What Event Coordinators Do
While event coordinators, in general, may cover a wide range of activities from birthdays to weddings, event coordinators in the non-profit sector plan, organize, and promote events for an organization in an effort to raise money for their cause. Non-profit events may include things like fundraisers, awareness campaigns, charity races, food drives, and more. Duties often include setting and monitoring event budgets, finding volunteers, working with team members, selecting venues, obtaining supplies, planning activities, and promoting the event.
Who would enjoy a career in Event Coordination?
Event coordinators rely on a team to help make sure their event goes off without a hitch, so having recruitment and leadership skills are essential. People who are self-motivated, with excellent time-management and organizational skills generally do best. Overall, the career can be a great fit for someone who is naturally a social butterfly and also wants to have a big impact on society though a specific cause, as their work can enable the non-profit organization to continue functioning or grow.
Who mightn't like the career?
The field is not ideal for those who balk at public speaking or are uncomfortable with networking, as these are core components of the job, with donors, volunteers, and board members alike. It’s also not ideal for those who aren’t fully-committed to the cause they serve, as emotional benefits are what typically keep people in non-profit careers; pay is modest and hours can be demanding. Lastly, those unprepared to make presentations to a board or who lack negotiation skills may have trouble in the field, as getting board buy-in is essential prior to planning anything.
Event coordinator positions often require a bachelor’s degree in event planning or a related field. Experience in management, hospitality, or customer service industries is a plus. There are also several certifications for experienced event coordinators that can help improve their careers: The Certified Meeting Professional (CMP) credential and/or the Certified Government Meeting Professional (CGMP) designation. The CMP is a voluntary certification that requires at least 36 months of meeting management experience and continued education in order to register for an exam which tests risk management, financial management, operations, and other skills. The CGMP is another voluntary certification geared toward coordinators working in government; to take the course and final exam to become a certified planner, candidates must have a year’s experience in meeting planning and be a member of The Society of Government Meeting Professionals. Neither of these certifications are required for special events coordinators nor may they be relevant to all careers, but they can provide beginning coordinators with extra skills for their resumes and a deeper understanding of the event coordinating industry.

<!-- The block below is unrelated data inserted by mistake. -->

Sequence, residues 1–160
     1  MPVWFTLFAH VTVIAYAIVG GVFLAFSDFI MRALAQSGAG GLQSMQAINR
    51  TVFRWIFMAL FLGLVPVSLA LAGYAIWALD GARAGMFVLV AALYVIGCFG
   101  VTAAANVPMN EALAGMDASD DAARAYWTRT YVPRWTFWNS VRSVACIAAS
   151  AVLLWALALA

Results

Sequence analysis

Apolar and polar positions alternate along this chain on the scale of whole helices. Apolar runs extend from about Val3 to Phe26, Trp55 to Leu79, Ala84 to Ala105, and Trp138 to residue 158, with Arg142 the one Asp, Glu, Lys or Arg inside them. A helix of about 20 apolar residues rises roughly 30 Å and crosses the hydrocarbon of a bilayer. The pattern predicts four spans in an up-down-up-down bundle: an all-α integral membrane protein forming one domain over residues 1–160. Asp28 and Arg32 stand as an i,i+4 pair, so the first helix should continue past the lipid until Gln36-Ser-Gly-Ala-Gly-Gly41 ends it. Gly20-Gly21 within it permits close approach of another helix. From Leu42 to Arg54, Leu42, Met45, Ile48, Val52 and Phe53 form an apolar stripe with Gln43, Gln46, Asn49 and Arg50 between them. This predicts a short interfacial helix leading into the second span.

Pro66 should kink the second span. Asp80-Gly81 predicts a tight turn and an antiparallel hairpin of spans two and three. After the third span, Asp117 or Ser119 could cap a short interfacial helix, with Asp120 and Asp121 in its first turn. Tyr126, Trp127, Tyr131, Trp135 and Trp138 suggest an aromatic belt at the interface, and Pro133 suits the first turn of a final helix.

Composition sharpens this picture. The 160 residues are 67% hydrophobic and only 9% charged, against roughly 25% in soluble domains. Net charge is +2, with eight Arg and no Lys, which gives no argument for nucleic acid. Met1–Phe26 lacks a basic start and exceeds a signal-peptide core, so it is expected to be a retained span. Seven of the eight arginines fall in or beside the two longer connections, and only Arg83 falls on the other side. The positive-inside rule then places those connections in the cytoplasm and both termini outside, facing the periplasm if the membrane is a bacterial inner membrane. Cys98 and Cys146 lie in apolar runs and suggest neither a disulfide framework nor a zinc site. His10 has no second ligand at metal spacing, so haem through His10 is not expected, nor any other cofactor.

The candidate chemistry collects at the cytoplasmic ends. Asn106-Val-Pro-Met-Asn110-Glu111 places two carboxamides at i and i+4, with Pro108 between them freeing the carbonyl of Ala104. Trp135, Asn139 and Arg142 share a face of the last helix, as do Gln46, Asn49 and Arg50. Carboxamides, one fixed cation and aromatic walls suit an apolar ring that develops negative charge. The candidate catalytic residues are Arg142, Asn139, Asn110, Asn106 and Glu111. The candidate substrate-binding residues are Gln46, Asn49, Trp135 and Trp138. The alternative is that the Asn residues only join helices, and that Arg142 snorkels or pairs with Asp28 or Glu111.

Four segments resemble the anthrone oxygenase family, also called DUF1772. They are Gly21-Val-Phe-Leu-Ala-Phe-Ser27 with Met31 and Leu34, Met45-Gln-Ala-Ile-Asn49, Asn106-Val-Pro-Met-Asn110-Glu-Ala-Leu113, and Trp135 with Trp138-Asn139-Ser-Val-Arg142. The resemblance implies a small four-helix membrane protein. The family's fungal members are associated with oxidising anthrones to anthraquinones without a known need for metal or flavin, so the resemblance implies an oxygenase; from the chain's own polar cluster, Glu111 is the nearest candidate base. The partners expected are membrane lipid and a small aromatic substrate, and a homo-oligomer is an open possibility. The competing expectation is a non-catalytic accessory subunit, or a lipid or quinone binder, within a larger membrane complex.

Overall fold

- Bachelor’s in Hospitality Management
- Bachelor’s in Event Management
- Bachelor’s in Business Management
- Bachelor’s in Communications
- Bachelor’s in Marketing
Event coordinators in the non-profit sector must have a thorough understanding of the organization they wish to work for. It’s a good idea before any interview or networking event to brush up on the history, goals, and values of the organization, as this will demonstrate passion for the cause and serious intent about the position.
- Favorite Interview Questions of Nonprofit Employers
- What to Plan for Before Your Event Planning Interview
- How to Answer Tough Event Planning Interview Questions
Moving into Event Coordination from another career